Nav: Home

Restoring canals shown as cost-efficient way to reverse wetland loss

December 19, 2018

LSU Boyd Professor of Oceanography and Coastal Sciences R. Eugene Turner has determined a cost-effective way to prevent coastal erosion and protect Louisiana's wetlands. Along with LSU alumna and now University of Central Florida Postdoctoral Fellow Giovanna McClenachan, Turner proposes a simple and inexpensive way to fill in canals that were once used for oil and gas mining. Their research was published recently in the journal PLOS ONE.

Dredging channels for oil and gas in Louisiana's wetlands creates rows of spoil banks, or excavated dirt and clay, which accumulate alongside the canals. These banks are long enough to cross Louisiana 79 times from east to west and equal three-quarters of the distance around the Earth.

The spoil banks were created by 35,000 permits issued from 1900 to 2017, and 27,000 of those permits are no longer used. Coastal land loss has coincidentally risen and fallen in time and space with this dredging. The land losses can be attributed to the changes in water flow caused by them that causes wetland collapse.

Filling the canals with remaining spoil banks is a successful restoration technique rarely applied in Louisiana, and is a dramatically cost-effective and proven long-term strategy. Turner estimates that the price of backfilling all canals in the coastal parishes is about $335 million, or 0.67 percent, of the Louisiana's Coastal Master Plan. This is a fraction of the cost compared to the economic value gained from extracting oil and gas for the last century.

"The absence of a state or federal backfilling program is a huge missed opportunity to conduct cost-effective restoration at a relatively low cost," Turner said.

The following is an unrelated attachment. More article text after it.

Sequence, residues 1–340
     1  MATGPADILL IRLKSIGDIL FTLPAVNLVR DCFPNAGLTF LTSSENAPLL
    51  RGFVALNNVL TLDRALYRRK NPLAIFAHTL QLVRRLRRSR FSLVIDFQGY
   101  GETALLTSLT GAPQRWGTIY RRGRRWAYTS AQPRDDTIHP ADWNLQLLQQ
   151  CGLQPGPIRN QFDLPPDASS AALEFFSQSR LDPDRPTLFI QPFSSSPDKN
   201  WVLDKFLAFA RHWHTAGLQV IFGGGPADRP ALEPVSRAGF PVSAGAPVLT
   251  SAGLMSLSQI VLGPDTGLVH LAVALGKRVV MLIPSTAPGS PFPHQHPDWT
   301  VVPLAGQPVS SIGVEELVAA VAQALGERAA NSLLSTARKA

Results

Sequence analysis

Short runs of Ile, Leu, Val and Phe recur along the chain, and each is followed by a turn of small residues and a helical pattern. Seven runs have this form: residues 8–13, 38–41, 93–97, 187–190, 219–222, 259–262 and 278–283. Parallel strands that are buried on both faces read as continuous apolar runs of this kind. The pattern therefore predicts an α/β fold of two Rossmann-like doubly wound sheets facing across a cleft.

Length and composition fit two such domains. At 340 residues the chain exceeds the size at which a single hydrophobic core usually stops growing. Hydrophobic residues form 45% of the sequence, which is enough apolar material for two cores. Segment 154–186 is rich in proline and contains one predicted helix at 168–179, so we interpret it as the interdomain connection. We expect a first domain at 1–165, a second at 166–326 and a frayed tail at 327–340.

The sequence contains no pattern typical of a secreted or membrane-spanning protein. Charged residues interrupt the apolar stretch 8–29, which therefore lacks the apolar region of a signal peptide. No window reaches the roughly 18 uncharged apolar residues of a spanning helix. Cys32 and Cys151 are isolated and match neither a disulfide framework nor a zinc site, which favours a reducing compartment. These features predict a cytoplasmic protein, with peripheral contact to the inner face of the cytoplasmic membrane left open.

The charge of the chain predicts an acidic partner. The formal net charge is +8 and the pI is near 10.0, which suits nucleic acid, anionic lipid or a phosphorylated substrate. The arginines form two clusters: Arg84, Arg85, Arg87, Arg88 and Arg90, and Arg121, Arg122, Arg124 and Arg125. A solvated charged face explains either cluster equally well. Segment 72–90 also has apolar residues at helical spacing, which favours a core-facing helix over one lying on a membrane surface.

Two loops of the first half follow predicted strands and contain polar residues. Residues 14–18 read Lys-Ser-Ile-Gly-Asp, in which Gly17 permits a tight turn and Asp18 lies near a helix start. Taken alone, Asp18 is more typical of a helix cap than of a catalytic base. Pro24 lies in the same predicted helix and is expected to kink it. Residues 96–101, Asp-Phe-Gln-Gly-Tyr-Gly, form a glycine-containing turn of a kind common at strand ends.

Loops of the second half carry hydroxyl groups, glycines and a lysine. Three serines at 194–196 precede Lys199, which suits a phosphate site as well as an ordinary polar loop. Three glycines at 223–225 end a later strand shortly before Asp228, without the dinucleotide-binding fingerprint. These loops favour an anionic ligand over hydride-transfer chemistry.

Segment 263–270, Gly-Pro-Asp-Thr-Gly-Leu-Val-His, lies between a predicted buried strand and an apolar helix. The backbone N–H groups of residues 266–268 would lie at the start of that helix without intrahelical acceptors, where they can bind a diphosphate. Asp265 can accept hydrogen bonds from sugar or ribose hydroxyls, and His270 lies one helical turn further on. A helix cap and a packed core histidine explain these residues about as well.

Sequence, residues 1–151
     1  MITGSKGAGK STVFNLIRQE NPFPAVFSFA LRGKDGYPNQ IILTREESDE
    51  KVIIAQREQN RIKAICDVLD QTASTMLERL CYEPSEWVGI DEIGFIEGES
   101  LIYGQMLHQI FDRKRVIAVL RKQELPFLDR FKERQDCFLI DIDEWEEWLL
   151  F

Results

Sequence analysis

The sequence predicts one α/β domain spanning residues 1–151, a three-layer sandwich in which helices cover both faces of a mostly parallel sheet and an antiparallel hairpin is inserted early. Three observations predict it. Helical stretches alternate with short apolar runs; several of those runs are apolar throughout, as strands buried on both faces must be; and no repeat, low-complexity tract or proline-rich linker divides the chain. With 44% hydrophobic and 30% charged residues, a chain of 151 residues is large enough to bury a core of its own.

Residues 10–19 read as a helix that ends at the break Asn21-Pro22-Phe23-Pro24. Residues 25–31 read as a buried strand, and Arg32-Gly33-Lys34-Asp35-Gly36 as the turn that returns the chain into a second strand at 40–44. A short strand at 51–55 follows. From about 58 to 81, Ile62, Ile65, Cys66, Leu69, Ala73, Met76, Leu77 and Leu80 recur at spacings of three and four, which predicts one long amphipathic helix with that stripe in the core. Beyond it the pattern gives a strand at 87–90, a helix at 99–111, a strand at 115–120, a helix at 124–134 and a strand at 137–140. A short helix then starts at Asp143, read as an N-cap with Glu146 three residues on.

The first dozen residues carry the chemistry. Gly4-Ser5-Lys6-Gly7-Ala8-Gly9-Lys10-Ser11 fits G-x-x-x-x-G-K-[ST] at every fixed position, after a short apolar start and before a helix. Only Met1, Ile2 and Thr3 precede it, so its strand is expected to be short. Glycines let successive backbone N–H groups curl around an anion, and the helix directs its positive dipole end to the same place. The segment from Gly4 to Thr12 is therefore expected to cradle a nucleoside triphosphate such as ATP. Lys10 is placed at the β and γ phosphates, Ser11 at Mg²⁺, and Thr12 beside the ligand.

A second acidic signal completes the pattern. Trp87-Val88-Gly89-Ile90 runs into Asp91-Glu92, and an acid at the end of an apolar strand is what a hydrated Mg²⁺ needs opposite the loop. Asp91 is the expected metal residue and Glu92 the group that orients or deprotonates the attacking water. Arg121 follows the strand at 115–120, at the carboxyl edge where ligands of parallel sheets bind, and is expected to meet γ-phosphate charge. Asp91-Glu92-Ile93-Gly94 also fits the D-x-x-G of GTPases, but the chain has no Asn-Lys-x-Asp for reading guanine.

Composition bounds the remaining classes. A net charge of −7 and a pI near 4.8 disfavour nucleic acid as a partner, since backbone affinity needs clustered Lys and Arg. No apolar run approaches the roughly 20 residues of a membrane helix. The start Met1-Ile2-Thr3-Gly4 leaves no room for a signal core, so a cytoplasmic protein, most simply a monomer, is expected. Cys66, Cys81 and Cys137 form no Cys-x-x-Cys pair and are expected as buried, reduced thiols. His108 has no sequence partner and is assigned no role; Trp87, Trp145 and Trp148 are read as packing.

-end-


Louisiana State University

Related Wetlands Articles:

First long-term study of Murray-Darling Basin wetlands reveals severe impact of dams
A landmark 30-year-long UNSW Sydney study of wetlands in eastern Australia has found that construction of dams and diversion of water from the Murray-Darling Basin have led to a more than 70 percent decline in waterbird numbers.
Wild geese in China are 'prisoners' in their own wetlands
In many places in the world, goose populations are booming as the birds have moved out of their wetland habitats to exploit an abundance of food on farmland.
Louisiana wetlands struggling with sea-level rise 4 times the global average
Without major efforts to rebuild Louisiana's wetlands, particularly in the westernmost part of the state, there is little chance that the coast will be able to withstand the accelerating rate of sea-level rise, a new Tulane University study concludes.
Invasive and native marsh grasses may provide similar benefits to protected wetlands
An invasive species of marsh grass that spreads, kudzu-like, throughout North American wetlands, may provide similar benefits to protected wetlands as native marsh grasses.
Wintering ducks connect isolated wetlands by dispersing plant seeds
Plant populations in wetland areas face increasing isolation as wetlands are globally under threat from habitat loss and fragmentation.
More Wetlands News and Wetlands Current Events

Best Science Podcasts 2019

We have hand picked the best science podcasts for 2019. Sit back and enjoy new science podcasts updated daily from your favorite science news services and scientists.
Now Playing: TED Radio Hour

Teaching For Better Humans
More than test scores or good grades — what do kids need to prepare them for the future? This hour, guest host Manoush Zomorodi and TED speakers explore how to help children grow into better humans, in and out of the classroom. Guests include educators Olympia Della Flora and Liz Kleinrock, psychologist Thomas Curran, and writer Jacqueline Woodson.
Now Playing: Science for the People

#534 Bacteria are Coming for Your OJ
What makes breakfast, breakfast? Well, according to every movie and TV show we've ever seen, a big glass of orange juice is basically required. But our morning grapefruit might be in danger. Why? Citrus greening, a bacteria carried by a bug, has infected 90% of the citrus groves in Florida. It's coming for your OJ. We'll talk with University of Maryland plant virologist Anne Simon about ways to stop the citrus killer, and with science writer and journalist Maryn McKenna about why throwing antibiotics at the problem is probably not the solution. Related links: A Review of the Citrus Greening...